With most sports be it football, basketball, and even baseball, most if not all industries with professional leagues often develop a unique activity for fans. Fantasy Leagues. There are often unofficial leagues, organized by fans or companies, in some cases though there are also official fantasy leagues where the organizers themselves pitch in. What about esports though? It may surprise you to know that even some esports have their own official fantasy leagues too.
Unfortunately, Overwatch is not among them. Fans have been crying out and hoping that Blizzard will listen. There hasn’t been any movement from them for this season, as is evident from fan bases calculating their own stats and hosting their own unofficial leagues. Even more unfortunately though, these have been difficult to run and many have dropped off over the season.
The main reason for this, has been that getting hold of official statistical information has been almost impossible. Fantasy leagues need these in order to calculate proper odds, and also so that participants can ensure they’re making informed decisions. That’s not to say everything has been impossible though, tracking pro player matches, kills, assists etc. has been done, and several unofficial fantasy leagues are still going strong.
How do they work?
For those unfamiliar with fantasy leagues, this is different from traditional esports betting. You’re not gambling on the outcome of an individual match, instead you’re selecting a group of players and forming your own unofficial team. They don’t even have to be from the same team or even country.
Many of the current leagues provide guidance on what the make up of your own team should be in terms of numbers etc. Once selected wins, losses, draws, kills and everything in between is tracked with league tables updated and individual pro players scored. The league runs alongside the OWL and participants will receive updates each week so they can track how their team is doing.
How can you run a winning team?
There are many tips and strategies out there, and the esports ones will likely sound familiar if you’ve taken part in any kind of fantasy league for other sports before. Currently the main fantasy league is run by Winston’s Lab and the two rules fantasy league teams must abide by are:
- The team can only include a maximum of four players from the same team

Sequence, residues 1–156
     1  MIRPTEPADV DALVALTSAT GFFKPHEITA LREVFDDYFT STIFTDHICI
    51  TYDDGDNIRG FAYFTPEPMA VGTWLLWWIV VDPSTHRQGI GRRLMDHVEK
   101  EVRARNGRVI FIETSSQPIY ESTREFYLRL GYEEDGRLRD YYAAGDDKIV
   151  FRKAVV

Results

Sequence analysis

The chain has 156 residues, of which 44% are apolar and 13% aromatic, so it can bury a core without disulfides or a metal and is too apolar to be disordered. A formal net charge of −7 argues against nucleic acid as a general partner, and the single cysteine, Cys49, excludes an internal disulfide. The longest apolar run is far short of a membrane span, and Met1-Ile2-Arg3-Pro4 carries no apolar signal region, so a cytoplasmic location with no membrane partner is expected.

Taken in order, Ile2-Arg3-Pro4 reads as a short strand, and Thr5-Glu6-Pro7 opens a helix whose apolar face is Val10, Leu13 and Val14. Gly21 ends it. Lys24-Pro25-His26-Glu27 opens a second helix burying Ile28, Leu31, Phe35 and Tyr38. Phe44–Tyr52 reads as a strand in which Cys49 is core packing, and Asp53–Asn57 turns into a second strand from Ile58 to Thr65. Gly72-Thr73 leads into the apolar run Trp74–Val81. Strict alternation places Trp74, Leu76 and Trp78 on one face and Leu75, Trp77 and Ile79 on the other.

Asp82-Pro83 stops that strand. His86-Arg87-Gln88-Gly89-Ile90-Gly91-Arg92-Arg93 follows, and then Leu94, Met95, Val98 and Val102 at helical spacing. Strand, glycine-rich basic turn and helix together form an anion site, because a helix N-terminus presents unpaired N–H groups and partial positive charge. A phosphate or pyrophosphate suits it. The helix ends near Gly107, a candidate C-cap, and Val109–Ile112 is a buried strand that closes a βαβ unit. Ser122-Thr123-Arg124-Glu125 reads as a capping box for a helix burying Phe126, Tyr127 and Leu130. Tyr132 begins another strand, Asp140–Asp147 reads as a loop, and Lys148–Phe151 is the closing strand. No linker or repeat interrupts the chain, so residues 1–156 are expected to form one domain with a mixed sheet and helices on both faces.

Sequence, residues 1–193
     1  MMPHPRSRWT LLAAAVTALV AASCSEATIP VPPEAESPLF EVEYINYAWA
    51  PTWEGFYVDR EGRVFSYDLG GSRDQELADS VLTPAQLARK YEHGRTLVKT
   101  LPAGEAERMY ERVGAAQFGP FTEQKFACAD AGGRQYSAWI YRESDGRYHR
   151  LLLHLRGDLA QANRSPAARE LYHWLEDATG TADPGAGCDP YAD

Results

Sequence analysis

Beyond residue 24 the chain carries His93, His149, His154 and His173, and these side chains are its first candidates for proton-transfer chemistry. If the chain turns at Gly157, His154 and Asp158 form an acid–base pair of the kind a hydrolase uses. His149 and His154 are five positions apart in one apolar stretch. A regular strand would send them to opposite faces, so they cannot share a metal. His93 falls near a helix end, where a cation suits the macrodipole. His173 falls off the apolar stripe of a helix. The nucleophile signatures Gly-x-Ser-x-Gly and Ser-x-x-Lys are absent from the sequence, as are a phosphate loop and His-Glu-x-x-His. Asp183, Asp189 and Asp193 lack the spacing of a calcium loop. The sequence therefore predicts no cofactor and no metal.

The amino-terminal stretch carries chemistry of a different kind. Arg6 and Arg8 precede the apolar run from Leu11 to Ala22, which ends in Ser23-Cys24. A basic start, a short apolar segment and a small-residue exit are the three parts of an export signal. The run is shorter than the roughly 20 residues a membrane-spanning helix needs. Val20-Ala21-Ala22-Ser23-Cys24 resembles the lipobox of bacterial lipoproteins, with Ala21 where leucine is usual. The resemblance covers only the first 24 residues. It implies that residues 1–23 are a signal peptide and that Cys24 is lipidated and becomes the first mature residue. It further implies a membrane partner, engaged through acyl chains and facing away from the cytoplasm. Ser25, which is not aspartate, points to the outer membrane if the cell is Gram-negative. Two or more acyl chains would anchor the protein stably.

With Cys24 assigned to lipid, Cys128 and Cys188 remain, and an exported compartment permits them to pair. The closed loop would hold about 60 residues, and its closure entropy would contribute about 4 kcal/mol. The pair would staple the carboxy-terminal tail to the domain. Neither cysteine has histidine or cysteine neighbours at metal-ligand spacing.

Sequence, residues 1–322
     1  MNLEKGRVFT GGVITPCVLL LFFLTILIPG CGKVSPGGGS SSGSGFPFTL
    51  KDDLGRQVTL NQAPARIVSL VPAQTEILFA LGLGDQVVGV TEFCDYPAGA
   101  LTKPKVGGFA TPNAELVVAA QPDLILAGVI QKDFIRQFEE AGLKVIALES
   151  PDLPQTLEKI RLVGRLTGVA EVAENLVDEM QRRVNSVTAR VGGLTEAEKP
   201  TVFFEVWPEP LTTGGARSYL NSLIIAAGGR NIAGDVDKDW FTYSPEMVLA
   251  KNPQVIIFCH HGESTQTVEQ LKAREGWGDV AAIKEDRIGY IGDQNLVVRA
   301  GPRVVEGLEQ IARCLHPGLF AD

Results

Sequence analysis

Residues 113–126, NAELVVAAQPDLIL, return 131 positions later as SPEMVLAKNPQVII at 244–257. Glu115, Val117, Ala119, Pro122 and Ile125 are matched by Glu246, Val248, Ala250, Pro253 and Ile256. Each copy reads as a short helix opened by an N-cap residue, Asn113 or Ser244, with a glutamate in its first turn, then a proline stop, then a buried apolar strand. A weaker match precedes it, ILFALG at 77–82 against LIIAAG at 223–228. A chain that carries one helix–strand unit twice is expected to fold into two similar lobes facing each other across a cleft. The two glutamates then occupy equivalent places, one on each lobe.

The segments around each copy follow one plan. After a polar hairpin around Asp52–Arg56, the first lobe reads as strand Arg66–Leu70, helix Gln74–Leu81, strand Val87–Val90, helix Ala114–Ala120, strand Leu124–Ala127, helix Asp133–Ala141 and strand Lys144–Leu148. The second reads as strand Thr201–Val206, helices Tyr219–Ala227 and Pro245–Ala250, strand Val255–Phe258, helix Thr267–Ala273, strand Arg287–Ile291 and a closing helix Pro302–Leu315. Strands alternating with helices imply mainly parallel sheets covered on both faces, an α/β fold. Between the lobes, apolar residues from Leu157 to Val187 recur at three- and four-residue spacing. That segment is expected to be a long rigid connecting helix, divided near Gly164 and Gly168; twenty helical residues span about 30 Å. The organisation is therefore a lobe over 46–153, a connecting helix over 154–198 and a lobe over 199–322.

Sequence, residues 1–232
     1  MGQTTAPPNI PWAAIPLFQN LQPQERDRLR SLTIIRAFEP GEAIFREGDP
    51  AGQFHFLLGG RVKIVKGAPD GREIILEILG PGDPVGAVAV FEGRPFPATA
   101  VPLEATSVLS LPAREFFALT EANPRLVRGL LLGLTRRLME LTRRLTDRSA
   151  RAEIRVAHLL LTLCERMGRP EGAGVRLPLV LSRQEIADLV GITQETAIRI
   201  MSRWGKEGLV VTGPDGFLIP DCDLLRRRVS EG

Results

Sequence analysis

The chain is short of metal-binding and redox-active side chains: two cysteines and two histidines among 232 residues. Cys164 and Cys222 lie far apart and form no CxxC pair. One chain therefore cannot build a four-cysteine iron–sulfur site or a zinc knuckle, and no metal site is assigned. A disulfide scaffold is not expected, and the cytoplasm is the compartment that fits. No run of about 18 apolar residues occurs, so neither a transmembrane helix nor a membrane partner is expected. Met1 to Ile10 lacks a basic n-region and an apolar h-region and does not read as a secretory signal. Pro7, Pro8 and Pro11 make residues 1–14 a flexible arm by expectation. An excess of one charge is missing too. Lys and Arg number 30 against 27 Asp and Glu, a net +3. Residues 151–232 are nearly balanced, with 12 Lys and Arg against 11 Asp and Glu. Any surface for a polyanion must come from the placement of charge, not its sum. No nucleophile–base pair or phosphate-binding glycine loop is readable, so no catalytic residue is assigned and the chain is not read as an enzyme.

- The team must be made up of at least two tanks, two supports and two DPS
Other than that, the selections are entirely up to the participants and it’s up to them to determine who they want on their team.
Each week participants select six active, starting players from their team. These are the players that will be scored on. No matter what the other four players do, they are considered benched and can’t earn points. So, after the week’s matches the points will be tallied and starting player scores can be added to the participants overall team score. At the end of the league, the participant whose team has accrued the highest score, wins.
As you can see, it’s important to know your team as well as look at their strengths and weaknesses. You’ll need to select your initial player lineup, and here we’d suggest a good mix of players. Strong teams are good to go with, but it doesn’t hurt to cast a wider net and include some less well-known players or those who have shown real promise at other tournaments.
Next it’s also important to know who they will be up against for each match, this will be pivotal in selecting your starting and benched players. There’s no point in starting a player whose had a series of losses against a particular team for instance. This careful balance of benching players for appropriate matches and selecting your strongest players for each match up are key to running a successful team.
Of course, there’s no magical formula and we can’t guarantee anything, but knowing how best to strategically adapt to matches and player performances as the season progresses are vital if you want to come out on top.
What would an Official League change?
The first thing fans would gain from an official league would be greater accuracy and consistency. Right now, fan-run leagues have trouble extrapolating accurate match statistics. It requires a lot of work on the parts of the organizers as the information is not freely given. An official league would give faster and better access to stats and allow for a fairer season tracking player performance.
It would also give fans another activity to keep them interested in the league, it would likely even bring in new fans who like the idea of ‘running’ their own team no matter the sport. Finally, the rules would be clear and easier to enforce. Blizzard backing a official fantasy league would mean participants couldn’t be caught out by sudden rule changes etc.
Fans are eager and willing to participate in an official fantasy league, the question is, when will Blizzard step up to the plate.